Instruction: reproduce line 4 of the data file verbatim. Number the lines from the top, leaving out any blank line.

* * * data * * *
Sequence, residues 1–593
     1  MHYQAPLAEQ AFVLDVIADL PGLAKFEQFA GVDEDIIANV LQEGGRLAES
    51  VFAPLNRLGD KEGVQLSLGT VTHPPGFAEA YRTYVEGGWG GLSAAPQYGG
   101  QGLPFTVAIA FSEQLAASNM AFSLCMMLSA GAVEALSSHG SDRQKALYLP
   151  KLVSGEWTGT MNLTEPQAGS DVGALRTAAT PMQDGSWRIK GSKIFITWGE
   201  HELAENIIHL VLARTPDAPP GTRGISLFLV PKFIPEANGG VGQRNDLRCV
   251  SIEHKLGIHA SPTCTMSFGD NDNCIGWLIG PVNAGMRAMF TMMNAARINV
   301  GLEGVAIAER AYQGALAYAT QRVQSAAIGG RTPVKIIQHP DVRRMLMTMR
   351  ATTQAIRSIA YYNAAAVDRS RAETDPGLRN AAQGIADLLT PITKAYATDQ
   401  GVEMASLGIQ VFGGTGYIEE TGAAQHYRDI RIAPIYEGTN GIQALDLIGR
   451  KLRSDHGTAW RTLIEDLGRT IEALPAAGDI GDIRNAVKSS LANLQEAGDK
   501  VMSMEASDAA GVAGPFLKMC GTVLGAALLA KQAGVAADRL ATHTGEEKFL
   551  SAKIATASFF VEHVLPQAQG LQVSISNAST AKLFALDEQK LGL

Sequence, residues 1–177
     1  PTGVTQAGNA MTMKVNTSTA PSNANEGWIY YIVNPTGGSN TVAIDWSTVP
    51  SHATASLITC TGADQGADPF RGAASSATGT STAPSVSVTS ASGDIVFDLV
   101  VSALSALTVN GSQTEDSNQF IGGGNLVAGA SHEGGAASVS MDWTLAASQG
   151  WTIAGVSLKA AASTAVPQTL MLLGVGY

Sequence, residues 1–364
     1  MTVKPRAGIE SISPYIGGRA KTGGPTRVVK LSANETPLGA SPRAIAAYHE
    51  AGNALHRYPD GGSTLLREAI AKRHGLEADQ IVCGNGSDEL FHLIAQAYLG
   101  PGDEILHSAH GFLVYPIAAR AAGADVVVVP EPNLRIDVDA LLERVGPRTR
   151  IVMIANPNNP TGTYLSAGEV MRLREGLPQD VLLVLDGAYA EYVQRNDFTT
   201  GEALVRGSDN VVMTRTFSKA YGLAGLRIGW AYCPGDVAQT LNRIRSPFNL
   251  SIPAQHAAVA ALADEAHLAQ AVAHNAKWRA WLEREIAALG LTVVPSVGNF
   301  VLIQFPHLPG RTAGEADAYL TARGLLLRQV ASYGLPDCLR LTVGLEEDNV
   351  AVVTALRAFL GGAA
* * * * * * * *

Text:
   101  QGLPFTVAIA FSEQLAASNM AFSLCMMLSA GAVEALSSHG SDRQKALYLP